Oil players ‘told to shut in’ at South Sudan field

South Sudan Oil

South Sudan Oil

20 May 2015, News reports – South Sudanese rebels have asked oil companies to shut in production at a key oilfield as clashes with government troops intensify, according to reports.
The rebels are said to be close to Paloch oilfield in Upper Nile State, having claimed to have captured Tangrial Bil, site of a proposed refinery, various news reports indicate.

Fighting has intensified between government forces and rebels in recent days before the request from the latter side to oil companies operating in the area was made.

“We have decided to take control of the oil fields and deny (President) Salva Kiir from using the oil revenues to perpetuate the war,” the Wall Street Journal quoted SPLA-in-Opposition spokesman James Gatdet Dak as saying

“We ask (oil companies) to start the process of closing down in a safe manner that will not damage the oil facilities and cause environmental damage.”

Reuters quoted the same spokeman as saying: “This is a matter of urgency! This is due to the ongoing clashes between our forces and pro-Salva Kiir troops near the oilfields.”

There is no indication, however, that oil companies have actually halted production at the field.

The Wall Street Journal quoted South Sudanese Information Minister Michael Makuei as saying: “I don’t think (the rebels) are that close. There is no cause for alarm, we shall bring the situation under control soon.”

China National Petroleum Corporation (CNPC), Malaysia’s Petronas, ONGC Videsh of India and South Sudan’s Sudapet operate in the area.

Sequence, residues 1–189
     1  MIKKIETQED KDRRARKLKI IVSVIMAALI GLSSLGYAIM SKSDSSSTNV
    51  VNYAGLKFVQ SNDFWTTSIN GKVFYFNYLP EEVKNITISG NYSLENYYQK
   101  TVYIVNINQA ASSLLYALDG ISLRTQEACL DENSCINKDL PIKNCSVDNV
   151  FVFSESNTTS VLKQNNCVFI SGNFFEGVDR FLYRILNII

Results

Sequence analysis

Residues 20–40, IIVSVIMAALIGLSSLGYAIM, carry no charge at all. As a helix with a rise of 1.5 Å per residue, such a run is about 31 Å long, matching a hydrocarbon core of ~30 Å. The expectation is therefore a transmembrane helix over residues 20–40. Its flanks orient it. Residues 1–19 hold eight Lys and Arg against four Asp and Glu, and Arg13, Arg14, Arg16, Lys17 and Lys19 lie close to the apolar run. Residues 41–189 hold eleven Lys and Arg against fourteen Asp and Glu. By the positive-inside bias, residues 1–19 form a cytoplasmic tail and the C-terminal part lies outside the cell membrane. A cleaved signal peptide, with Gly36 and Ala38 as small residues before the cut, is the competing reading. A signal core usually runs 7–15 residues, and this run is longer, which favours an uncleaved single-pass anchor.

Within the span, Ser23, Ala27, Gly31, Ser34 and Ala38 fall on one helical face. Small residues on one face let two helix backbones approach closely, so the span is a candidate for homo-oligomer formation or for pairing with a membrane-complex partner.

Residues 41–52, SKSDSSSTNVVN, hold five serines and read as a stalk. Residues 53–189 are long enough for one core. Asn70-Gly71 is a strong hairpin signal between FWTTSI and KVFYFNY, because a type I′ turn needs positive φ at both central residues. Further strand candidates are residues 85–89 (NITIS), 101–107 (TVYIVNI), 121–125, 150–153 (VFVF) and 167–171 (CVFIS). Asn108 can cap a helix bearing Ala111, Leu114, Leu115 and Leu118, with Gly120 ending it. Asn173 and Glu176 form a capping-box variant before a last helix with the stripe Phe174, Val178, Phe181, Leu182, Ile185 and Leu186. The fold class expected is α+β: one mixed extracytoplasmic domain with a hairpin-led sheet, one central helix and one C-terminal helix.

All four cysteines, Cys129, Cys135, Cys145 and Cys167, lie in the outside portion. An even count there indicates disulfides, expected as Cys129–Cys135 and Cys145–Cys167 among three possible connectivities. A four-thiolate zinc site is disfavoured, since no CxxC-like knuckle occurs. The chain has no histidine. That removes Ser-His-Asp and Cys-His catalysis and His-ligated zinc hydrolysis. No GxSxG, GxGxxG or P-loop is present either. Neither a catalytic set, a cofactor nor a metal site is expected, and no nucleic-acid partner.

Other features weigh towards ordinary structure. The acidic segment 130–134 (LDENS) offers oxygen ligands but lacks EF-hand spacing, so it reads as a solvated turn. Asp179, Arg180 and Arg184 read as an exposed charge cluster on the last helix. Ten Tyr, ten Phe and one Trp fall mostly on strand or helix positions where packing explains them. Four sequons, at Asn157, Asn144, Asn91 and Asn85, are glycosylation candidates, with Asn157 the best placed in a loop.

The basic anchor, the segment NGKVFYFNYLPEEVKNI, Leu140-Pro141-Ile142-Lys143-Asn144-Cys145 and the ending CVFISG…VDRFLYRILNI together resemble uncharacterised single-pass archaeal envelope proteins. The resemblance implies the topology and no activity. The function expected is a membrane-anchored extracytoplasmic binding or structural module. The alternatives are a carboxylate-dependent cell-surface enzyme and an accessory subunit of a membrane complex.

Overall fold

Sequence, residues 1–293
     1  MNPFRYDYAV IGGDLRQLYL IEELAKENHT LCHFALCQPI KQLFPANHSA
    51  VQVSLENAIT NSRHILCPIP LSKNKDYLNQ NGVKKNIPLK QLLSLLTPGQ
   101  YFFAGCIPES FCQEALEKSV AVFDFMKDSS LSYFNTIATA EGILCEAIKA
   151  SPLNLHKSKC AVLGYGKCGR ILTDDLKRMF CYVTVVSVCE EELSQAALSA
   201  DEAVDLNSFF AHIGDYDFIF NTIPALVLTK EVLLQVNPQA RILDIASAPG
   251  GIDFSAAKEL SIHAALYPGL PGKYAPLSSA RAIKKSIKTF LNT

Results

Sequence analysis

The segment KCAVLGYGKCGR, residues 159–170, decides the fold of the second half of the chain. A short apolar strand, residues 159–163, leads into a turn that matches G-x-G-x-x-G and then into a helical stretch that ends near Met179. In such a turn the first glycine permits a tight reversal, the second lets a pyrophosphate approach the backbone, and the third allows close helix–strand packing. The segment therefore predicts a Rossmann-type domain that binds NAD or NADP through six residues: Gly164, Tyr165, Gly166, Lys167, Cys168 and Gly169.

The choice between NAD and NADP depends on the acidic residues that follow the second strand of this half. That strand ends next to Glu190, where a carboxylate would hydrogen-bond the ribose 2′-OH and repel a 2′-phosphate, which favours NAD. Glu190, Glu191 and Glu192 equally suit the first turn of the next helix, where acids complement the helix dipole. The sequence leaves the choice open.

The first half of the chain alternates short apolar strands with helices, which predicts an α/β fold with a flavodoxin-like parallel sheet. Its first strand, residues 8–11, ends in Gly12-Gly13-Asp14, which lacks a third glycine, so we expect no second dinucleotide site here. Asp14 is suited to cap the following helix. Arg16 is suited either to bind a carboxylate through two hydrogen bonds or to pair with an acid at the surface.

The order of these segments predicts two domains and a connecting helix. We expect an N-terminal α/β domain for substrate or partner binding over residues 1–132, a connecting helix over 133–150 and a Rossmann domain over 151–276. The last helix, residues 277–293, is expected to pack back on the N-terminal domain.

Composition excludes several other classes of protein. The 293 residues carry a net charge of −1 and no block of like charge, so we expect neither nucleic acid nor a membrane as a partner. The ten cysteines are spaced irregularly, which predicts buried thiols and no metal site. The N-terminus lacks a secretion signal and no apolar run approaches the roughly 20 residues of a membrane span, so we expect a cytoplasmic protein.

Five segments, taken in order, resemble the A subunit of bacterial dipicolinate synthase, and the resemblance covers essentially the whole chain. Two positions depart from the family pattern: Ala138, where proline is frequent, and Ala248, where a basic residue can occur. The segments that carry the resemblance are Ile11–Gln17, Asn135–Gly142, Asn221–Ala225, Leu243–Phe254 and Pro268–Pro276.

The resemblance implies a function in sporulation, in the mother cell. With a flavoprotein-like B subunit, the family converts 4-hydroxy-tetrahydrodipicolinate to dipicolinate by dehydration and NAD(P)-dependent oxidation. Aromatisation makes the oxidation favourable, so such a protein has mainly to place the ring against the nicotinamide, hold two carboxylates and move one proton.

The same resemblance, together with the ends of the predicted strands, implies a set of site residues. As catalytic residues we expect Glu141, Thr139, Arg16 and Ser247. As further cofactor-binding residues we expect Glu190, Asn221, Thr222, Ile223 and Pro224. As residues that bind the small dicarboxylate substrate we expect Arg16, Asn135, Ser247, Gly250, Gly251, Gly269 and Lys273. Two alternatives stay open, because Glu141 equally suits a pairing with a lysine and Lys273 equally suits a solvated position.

Blocks 1, 2 and 4, which straddle the Sudan and South Sudan border, are collectively known as Greater Nile Oil Project (GNOP). When South Sudan split from Sudan, blocks 2A, 2B and 4N were allocated to Sudan and blocks 1A, 1B and 4S to South Sudan.

CNPC has a 40% stake in GNOP, with Petronas on 30% and ONGC Videsh on 25%. Sudanese state player Sudapet has a 5% interest.

Despite numerous ceasefire agreements, Sudan and South Sudan have been in a state of almost perpetual combat since the latter split from the former in mid-2011, taking with it three-quarters of the original country’s oil reserves.

Fighting broke out in South Sudan’s capital Juba in mid-December 2013 after Kiir accused former vice president Riek Machar of plotting a coup – something the latter denied.

Feuding quickly spread to other states, forcing the world’s newest nation to shut in about one fifth of its production.

Peace has largely reigned in the oil-rich nation, however, following a truce agreed in late January 2014 in Ethiopia.

Khartoum relies heavily on revenues from oil production in South Sudan, which must use its neighbour’s midstream and port infrastructure for exports.

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